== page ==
Everyone becomes more vulnerable to scams and financial abuse as we age into our later years, reports a recent article from Kiplinger, “Seven Ways to Protect Older Adults from Financial Abuse.” Older people are swindled out of more than $3 billion every year, and more than 3.5 million people are victims of financial exploitation every year. Protecting financial well-being requires prevention, which also applies to younger adults.
Maintain a heightened awareness level. Talk with family members about the potential risks from thieves, online and in real life. Know that exploitation by family members is just as likely, sometimes more so, than by strangers.
Maintain open communication. Just like meeting with an estate planning attorney regularly to ensure legal affairs are in order, check in with trusted loved ones about their financial status regularly. Talking about money among families can be challenging, depending on the family’s history and dynamics. Nevertheless, an open and ongoing dialogue will help with early detection and prevention of financial abuse.
Arrange for a Durable Power of Attorney. The person selected as a Power of Attorney (POA) should be trustworthy and capable of managing finances in case of incapacity. Talk with your estate planning attorney about whether you need to apply certain limitations for your POA or if it should be a broad document. If you are a “solo ager,” you may want to ask your estate planning attorney to act as your POA.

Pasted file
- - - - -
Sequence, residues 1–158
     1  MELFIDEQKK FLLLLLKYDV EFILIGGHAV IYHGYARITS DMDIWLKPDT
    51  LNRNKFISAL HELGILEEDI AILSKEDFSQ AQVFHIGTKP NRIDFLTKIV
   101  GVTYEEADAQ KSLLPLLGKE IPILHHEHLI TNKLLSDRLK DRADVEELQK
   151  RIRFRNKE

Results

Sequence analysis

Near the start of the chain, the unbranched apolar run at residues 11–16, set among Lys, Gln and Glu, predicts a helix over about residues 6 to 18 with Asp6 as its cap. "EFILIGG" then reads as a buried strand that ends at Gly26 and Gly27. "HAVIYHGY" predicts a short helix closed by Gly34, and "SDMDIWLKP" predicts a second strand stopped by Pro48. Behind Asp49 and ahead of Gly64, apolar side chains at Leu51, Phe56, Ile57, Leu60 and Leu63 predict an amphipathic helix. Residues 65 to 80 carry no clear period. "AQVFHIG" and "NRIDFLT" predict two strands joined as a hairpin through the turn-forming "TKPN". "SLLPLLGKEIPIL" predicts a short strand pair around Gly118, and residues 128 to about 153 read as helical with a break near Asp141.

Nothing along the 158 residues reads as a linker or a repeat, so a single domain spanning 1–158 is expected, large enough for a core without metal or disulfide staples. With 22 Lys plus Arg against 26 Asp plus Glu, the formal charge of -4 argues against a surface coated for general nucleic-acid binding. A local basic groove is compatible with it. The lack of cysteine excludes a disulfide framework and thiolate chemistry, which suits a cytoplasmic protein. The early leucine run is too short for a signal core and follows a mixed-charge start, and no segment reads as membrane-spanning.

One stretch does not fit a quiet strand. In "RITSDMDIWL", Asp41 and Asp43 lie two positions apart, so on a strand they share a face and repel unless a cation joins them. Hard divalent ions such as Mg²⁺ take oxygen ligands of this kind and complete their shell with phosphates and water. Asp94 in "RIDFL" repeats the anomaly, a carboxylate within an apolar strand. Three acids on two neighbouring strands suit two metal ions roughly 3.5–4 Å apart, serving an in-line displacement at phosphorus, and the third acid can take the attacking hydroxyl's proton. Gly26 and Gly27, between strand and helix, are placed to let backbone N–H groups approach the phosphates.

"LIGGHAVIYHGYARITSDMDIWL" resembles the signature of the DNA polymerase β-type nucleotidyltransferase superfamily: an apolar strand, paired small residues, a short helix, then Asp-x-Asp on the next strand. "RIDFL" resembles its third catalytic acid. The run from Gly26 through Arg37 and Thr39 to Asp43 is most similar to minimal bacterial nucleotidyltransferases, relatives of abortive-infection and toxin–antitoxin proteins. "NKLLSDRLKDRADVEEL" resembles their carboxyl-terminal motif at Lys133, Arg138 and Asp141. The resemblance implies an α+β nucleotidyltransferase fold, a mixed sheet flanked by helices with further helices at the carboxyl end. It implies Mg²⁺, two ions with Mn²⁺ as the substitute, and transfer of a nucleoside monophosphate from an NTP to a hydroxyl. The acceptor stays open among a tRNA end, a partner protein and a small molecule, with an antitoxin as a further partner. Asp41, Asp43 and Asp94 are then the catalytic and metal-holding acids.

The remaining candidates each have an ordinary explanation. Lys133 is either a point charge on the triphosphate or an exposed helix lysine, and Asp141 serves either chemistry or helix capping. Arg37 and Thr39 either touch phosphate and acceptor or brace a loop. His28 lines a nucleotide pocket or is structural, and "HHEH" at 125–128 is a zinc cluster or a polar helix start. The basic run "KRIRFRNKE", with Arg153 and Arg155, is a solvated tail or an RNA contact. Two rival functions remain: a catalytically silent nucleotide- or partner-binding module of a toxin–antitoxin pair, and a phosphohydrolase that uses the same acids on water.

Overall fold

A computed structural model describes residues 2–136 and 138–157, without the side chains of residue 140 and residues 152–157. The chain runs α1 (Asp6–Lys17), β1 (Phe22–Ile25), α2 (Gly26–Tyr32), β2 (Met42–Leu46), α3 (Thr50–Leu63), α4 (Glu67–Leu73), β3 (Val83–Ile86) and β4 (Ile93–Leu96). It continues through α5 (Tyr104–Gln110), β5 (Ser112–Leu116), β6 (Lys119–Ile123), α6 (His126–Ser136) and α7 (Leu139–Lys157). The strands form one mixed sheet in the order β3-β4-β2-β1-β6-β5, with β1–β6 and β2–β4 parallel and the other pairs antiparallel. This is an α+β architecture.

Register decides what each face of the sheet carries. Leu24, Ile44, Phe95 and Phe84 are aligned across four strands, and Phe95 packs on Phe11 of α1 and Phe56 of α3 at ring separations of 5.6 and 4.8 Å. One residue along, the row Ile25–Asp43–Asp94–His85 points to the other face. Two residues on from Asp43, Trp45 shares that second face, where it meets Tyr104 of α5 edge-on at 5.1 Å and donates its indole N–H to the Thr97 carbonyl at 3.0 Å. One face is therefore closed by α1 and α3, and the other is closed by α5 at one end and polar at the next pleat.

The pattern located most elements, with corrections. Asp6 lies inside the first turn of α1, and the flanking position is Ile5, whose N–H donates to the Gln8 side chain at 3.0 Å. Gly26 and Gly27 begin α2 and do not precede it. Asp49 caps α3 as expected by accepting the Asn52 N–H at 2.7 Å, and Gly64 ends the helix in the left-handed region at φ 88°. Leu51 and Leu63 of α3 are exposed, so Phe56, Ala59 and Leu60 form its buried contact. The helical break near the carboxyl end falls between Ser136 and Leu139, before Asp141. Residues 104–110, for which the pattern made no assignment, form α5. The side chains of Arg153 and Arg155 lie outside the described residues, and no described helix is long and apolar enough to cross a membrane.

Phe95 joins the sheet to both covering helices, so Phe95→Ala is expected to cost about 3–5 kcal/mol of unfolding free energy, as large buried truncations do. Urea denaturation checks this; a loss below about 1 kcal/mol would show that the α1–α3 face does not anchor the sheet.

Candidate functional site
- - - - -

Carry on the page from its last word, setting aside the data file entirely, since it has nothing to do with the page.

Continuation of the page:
Make sure your estate planning is in order. Estate planning is an essential area of protection for people of any age, especially older adults. If your will, trust, or estate planning documents have not been updated in more than four years, it’s time to make an appointment with your attorney. There are many legal options for safeguarding assets and ensuring that your wishes are followed.
Monitor accounts regularly. Reviewing monthly statements from investments, banks and other accounts is essential for protecting assets. A few simple steps can avert fraud, including freezing credit, setting stricter controls on social media and setting phones to send unknown callers to voicemail.
Signing up for financial account and credit monitoring helps detect irregularities or unauthorized transactions. Allowing a trusted loved one to monitor accounts may make sense, depending on support needs and comfort level.
Safeguard personal information. If you’re using your birthday or your pet’s name as a password, it’s time for new passwords. The digital world has increased risks, and endless scammers with highly technical skills exist. Consider using two-factor authentication where possible—you can’t get into your account until you confirm with a code sent to your phone, text, or email. It is an added step and effective in protecting accounts.
Stay Up to Date on Scams. Financial scams come and go in waves, like fashion. Some people still receive emails about having been chosen by an overseas family who needs to bring huge wealth to America. Others have been targeted by romantic scammers on dating websites. There are Medicare scams, charity scams, IRS impersonation scams, sweepstakes scams and grandparent scams. In other words, thieves try to access accounts and funds in many ways. Be vigilant!
Reference: Kiplinger (Jan. 8, 2024) “Seven Ways to Protect Older Adults from Financial Abuse”